The Food Label & Grocery Store: A Crash Course

June 13, 2014posted by Massage Heights

Massage Heights’ philosophy has evolved into much more than providing therapeutic services, it’s about being part of a larger wellness movement focused on helping people achieve balanced and healthy lifestyles. Enjoy this month's blog from our newest contributor, Shannon!

The Food Label & Grocery Store: A Crash Course

By: Shannon A. Garcia, Registered Dietitian, Owner of Lone Star Nutrition, LLC

photo credit: theberry.comKnowledge is power. We grew up hearing those three words and chances are we tell our kids the same thing. We pass those words along because they’re true but it’s especially true when making healthy choices for yourself and your family.

Manufacturers have perfected the art of making a product (especially a boxed one) look attractive. Did you know manufacturers tend to use green on the front of labels because consumers often associate the color green with healthful choices? You want more truth? The best purchases at the grocery stores don’t have labels. Need to see how many total fat grams are in that apple? Nope, you sure don’t. How about how many total ingredients or which ingredient comes first in that bag of salad? Nope, not necessary. You get the idea. BUT, realistically the majority of our purchases do have labels and we need to know how to read them.

Nutrition Label Crash Course:

photo courtesy: health.govFirst things first - Determine how much is in a serving and how many servings are in the package. All the information listed on the label is based on ONE serving, not the entire box (unless there’s only one serving in a package).

Understand that the Percent Daily Value (%DV) is based on the Recommended Daily Allowance (RDA) for adults. You may need more or less and your children definitely have different calorie, protein and vitamin needs - don’t make a decision to purchase an item solely on % DV. If you want to know more about the specific calorie and protein needs for you or your family, consider working with a registered dietitian!

Tips & Tricks (not in any particular order)

  • Mono-unsaturated fats (think olive oil) are “heart healthy” fats while trans-fat (think baked goods) should be kept to a minimum.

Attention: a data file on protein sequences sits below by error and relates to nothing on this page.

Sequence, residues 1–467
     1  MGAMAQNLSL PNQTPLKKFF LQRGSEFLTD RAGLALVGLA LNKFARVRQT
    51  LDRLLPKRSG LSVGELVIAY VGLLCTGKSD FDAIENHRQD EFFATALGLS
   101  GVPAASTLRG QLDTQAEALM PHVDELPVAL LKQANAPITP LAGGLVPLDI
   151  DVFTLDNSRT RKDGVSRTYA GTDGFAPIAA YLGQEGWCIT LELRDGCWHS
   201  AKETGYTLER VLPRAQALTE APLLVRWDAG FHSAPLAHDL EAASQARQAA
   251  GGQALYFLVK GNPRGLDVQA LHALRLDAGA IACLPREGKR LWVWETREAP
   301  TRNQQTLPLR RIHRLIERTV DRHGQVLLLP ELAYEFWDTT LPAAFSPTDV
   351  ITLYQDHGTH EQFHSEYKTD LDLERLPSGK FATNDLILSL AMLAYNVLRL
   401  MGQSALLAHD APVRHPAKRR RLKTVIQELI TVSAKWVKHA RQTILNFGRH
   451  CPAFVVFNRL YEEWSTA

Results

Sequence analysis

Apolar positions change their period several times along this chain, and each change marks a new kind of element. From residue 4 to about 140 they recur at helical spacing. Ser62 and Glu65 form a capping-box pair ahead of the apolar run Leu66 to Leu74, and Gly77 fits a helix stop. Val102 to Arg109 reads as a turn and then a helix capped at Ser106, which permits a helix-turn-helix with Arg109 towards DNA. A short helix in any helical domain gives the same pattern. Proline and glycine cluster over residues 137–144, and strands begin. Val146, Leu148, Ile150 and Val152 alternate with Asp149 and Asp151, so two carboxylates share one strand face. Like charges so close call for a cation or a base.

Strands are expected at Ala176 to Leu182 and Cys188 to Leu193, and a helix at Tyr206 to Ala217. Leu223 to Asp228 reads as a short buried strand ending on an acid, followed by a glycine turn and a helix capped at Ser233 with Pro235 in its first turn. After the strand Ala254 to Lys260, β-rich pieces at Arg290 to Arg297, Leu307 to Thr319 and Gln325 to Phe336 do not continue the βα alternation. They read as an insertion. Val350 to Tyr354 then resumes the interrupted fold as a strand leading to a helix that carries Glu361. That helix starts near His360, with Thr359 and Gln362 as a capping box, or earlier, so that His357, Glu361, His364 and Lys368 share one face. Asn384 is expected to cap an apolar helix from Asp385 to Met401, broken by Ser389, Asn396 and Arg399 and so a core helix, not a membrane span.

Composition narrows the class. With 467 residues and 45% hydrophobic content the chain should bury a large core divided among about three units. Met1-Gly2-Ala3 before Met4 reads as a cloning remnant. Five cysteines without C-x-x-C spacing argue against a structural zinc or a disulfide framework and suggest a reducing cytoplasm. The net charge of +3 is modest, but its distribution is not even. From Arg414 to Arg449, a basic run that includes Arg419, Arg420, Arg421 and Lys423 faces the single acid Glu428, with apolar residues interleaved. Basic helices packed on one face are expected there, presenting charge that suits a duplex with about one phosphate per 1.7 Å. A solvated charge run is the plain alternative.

• The less saturated-fat, trans-fat, cholesterol & sodium the better- you may find this is hard to do with packaged items.
  • Look at the fiber- choose grains /breads with at least 3g of fiber per serving.
  • When looking at total carbohydrate, the less sugar the better.
  • If comparing two items, choose the one with fewer ingredients.
  • Pay attention to where sugar falls on the ingredient list - ingredients are listed by predominance, so the farther down on the list, the better.
  • When looking for sugar in a list, keep your eyes peeled for high-fructose corn syrup or any ingredient with an “-ose” at the end which usually means sugar
  • Organic or gluten-free doesn't mean lower calorie or healthy - still read the entire label to determine total calories, fat grams, etc.

Sometimes the real thing is better - if purchasing a low-fat item, there is probably more sugar or sodium. If purchasing a low-sodium item, there is probably more fat. The takeaway message is to learn discipline and enjoy the appropriate portion size instead of over-indulging in a “light” option.

Navigating the Grocery Aisles: Are you Hungry?

Don’t go to the grocery store hungry! A successful trip to the grocery store draws on both knowledge and preparation.

Prepare yourself for a grocery shopping trip by:

  • Making a list & organizing your coupons.
  • Reading the store’s weekly advertisement.
  • Eat a light snack to avoid hunger while shopping - we all can remember a time when we “bought everything in the store because we were starving.”

Arm yourself with the following knowledge of the major grocery sections:

Produce

  • Shop in season for the best freshness and price.
  • Choose a variety of colors.
  • Non- organic is better than no produce at all!
  • Know your clean-fifteen and dirty dozen.

Meats/Seafood

  • Look for lean cuts of beef & poultry; plan on trimming visible fat.
  • Compare % fat in ground meats; choose 90% lean or greater.
  • Choose seafood at least twice per week.
  • Choose wild-caught salmon for higher omega-3s.

Dairy

  • Choose low-fat varieties.
  • Choose Greek yogurt for higher protein.
  • Low-fat cottage cheese is an excellent protein source.
  • Try milk alternatives such as almond, soy & coconut for added beverage variety but still pay attention to total calories, fat & sugar content.
  • Always check expiration dates!

Deli & Bakery

  • Choose nitrate free or lower sodium meats.
  • Limit cured meats like salami or hot dogs which can be very high in sodium.
  • Roasted chicken breasts are convenient options.
  • Avoid fried foods.
  • Breads should contain whole grains and not have sugar in the first four ingredients.
  • Avoid breads or bakery items with refined white flour.

Center Aisle

  • Spend less time here - the healthier items are on the periphery of the store.
  • Choose whole nuts and seeds to add to snacks, cereals and yogurts.
  • Avoid items with hydrogenated oils.
  • Choose vinegar/oil based dressings over creamy ones.
  • Choose frozen items that are not breaded or sauced.

Who knew there was so much to know about the grocery store?! Whether you are following one or almost all of the above suggestions, I challenge you to figure out what you can do to improve your grocery shopping habits. You have the knowledge; now turn it into action!